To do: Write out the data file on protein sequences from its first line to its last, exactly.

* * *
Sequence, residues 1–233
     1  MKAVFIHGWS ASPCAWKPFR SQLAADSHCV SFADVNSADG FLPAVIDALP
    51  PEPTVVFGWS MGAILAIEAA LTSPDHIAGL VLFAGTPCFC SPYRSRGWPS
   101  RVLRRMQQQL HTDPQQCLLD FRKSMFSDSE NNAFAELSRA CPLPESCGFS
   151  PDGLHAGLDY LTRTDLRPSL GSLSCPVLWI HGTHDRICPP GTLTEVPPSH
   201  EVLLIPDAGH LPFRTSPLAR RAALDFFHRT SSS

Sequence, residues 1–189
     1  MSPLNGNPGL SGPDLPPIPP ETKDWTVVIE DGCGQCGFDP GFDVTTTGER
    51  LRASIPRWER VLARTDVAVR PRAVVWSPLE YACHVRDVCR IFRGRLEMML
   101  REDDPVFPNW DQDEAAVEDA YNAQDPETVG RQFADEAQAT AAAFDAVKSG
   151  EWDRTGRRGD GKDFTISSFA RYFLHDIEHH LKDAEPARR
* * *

Sequence, residues 1–233
     1  MKAVFIHGWS ASPCAWKPFR SQLAADSHCV SFADVNSADG FLPAVIDALP
    51  PEPTVVFGWS MGAILAIEAA LTSPDHIAGL VLFAGTPCFC SPYRSRGWPS
   101  RVLRRMQQQL HTDPQQCLLD FRKSMFSDSE NNAFAELSRA CPLPESCGFS
   151  PDGLHAGLDY LTRTDLRPSL GSLSCPVLWI HGTHDRICPP GTLTEVPPSH
   201  EVLLIPDAGH LPFRTSPLAR RAALDFFHRT SSS

Sequence, residues 1–189
     1  MSPLNGNPGL SGPDLPPIPP ETKDWTVVIE DGCGQCGFDP GFDVTTTGER
    51  LRASIPRWER VLARTDVAVR PRAVVWSPLE YACHVRDVCR IFRGRLEMML
   101  REDDPVFPNW DQDEAAVEDA YNAQDPETVG RQFADEAQAT AAAFDAVKSG
   151  EWDRTGRRGD GKDFTISSFA RYFLHDIEHH LKDAEPARR